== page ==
Interstate pipelines last week unveiled a “global” proposal onseasonal ratemaking and flexible terms and conditions of service atthe fourth industry pow-wow exploring major FERC gas initiativesand possible alternatives. Seasonal ratemaking, which would enablepipes and LDCs to recover more value for capacity when it’s ingreatest demand, is emerging as the industry’s front-runnerreplacement for the Commission’s much-criticized auction mechanism.
Although details were sketchy, the pipelines reportedly proposedseasonal, term-differentiated rates for long- and short-termcapacity contracts. However, they also would offer pipelinecustomers the option to be billed at annualized rates. Thepipelines further proposed to make “periodic reports to verifyseasonal, term-differentiated rate assumptions,” which caused someto question whether or not this was a true-up.
“I don’t get the same sense” that this was what the pipelinesmeant, remarked one industry source. “If there’s going to be anymeeting of the minds [on this proposal], the words have to startmeaning the same things to everybody.”
The proposal came under some fire for its lack of detail. “Theonly disappointment is that it’s not detailed enough to reallycritique quite frankly, which puts the burden on the people at themeetings…to ask the right questions,” the source said.
Seasonal ratemaking would get LDCs “out of the ditch” byallowing them to recover higher prices for their capacity when it’smost in demand, and it would provide pipelines with “greaterassurance” of revenue recovery in the winter to offset thediscounts they give in the summer.
The pipelines further proposed the lifting of the price cap forsecondary capacity only – not primary short-term capacity. Theymade abundantly clear their opposition to the mandatory auctionmechanism for short-term capacity, as proposed by FERC in itsmega-notice of proposed rulemaking issued last July.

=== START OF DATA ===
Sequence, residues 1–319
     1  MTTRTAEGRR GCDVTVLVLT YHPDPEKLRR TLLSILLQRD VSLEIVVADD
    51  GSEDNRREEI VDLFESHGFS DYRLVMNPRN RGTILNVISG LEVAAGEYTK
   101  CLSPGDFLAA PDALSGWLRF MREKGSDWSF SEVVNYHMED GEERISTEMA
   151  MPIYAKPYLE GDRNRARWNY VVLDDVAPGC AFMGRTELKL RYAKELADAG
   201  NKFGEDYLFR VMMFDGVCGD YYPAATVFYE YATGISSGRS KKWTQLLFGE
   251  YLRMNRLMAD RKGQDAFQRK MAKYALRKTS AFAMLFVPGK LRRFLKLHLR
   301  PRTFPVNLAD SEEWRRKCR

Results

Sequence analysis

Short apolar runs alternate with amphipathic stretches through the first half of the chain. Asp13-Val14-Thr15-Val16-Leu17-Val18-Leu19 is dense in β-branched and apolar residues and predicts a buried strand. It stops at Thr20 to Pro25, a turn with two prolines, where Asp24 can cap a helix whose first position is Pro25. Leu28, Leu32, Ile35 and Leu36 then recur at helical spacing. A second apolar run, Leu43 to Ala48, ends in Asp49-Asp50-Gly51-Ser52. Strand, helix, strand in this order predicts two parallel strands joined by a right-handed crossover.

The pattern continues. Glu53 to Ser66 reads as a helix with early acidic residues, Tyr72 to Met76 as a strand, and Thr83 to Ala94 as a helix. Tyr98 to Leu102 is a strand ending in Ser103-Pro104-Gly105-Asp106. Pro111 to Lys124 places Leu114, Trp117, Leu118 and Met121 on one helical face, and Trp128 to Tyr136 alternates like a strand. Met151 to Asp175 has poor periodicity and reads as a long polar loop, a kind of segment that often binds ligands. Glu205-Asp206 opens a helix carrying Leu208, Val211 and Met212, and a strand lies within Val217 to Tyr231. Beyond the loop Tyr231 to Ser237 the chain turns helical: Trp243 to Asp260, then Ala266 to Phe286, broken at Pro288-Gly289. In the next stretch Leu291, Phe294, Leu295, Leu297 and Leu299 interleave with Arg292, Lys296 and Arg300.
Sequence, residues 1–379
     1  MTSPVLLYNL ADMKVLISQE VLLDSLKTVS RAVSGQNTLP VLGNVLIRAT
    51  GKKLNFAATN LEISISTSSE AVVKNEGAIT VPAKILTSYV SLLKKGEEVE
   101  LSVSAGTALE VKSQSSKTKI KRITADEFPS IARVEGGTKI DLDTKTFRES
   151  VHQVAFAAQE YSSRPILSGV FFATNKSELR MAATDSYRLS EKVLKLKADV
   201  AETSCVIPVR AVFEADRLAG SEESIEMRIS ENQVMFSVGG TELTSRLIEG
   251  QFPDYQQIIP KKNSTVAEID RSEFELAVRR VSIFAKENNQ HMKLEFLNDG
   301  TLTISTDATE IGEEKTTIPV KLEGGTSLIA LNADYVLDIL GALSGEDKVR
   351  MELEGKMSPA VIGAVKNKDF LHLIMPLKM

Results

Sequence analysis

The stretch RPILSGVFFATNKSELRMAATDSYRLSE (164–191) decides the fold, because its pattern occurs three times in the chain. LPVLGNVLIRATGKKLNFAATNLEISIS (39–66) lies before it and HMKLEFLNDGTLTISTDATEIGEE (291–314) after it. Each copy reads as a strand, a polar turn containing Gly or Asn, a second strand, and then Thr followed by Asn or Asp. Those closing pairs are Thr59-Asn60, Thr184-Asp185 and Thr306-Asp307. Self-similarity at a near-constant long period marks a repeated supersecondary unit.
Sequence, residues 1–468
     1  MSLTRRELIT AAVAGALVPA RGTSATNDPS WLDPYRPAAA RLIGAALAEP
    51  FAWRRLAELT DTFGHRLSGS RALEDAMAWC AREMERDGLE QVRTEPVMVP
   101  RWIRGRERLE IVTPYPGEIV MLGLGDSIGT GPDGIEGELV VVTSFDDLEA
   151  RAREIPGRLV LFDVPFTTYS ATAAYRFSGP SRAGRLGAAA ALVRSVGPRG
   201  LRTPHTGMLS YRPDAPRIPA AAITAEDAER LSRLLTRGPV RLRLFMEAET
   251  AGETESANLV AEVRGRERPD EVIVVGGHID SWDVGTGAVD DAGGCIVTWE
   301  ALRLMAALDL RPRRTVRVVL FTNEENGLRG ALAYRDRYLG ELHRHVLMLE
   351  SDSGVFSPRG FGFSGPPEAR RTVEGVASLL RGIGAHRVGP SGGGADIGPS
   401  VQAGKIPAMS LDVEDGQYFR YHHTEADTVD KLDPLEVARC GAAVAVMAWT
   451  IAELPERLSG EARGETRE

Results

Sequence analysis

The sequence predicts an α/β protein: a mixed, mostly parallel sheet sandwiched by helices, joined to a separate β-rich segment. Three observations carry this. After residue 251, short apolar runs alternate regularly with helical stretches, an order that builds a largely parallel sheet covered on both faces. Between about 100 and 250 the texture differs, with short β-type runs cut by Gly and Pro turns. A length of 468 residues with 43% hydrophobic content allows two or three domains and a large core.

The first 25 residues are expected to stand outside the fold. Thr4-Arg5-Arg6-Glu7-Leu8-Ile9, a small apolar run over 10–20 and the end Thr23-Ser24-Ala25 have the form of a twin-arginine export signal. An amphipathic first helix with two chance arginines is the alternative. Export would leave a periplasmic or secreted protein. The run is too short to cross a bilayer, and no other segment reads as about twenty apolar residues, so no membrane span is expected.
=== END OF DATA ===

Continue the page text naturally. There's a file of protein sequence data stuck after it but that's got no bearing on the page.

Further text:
Straight-fixed variable (SFV) rate design wasn’t in theproposal, but the source told NGI that he expects the pipelines to”somehow, some way” address a shift away from the controversialrate design later. LDCs “clearly have been agitating” for such achange, and “I think the pipes will probably buy into it…to tryto build some consensus” on other issues.
He believes the final proposal on negotiated terms andconditions to emerge probably will be a “rehash” of the jointinitiative submitted by the American Gas Association (AGA) and theInterstate Natural Gas Association of America (INGAA) to FERC lastMay. The only noticeable change, he added, is that pipelines have”indicated a willingness” for a Commission proceeding to determinethe bounds of the terms and conditions to be negotiated.
The pipelines also put the Commission’s complaint process on thetable as an item for possible discussion, the source noted. Thiscould be a tough nut to crack because although both the pipelinesand LDCs favor a more expedited process at FERC, they have proposedcompletely different procedures for achieving this.
In addition, he said industry participants are trying to set upa meeting with FERC Chairman James Hoecker for Feb. 26th to apprisehim of the status of the discussions so far. Industryrepresentatives have been meeting in closed-door sessions everyother week in an attempt to reach a consensus on key initiatives inthe mega-NOPR and notice of inquiry (NOI). Industry comments aredue at FERC by April 22nd.
Asked whether industry will need another extension of thecomment deadline, the industry insider said, “I suspect we’re notgoing to know the answer to that question until the last meeting onApril 7th.”Susan Parker
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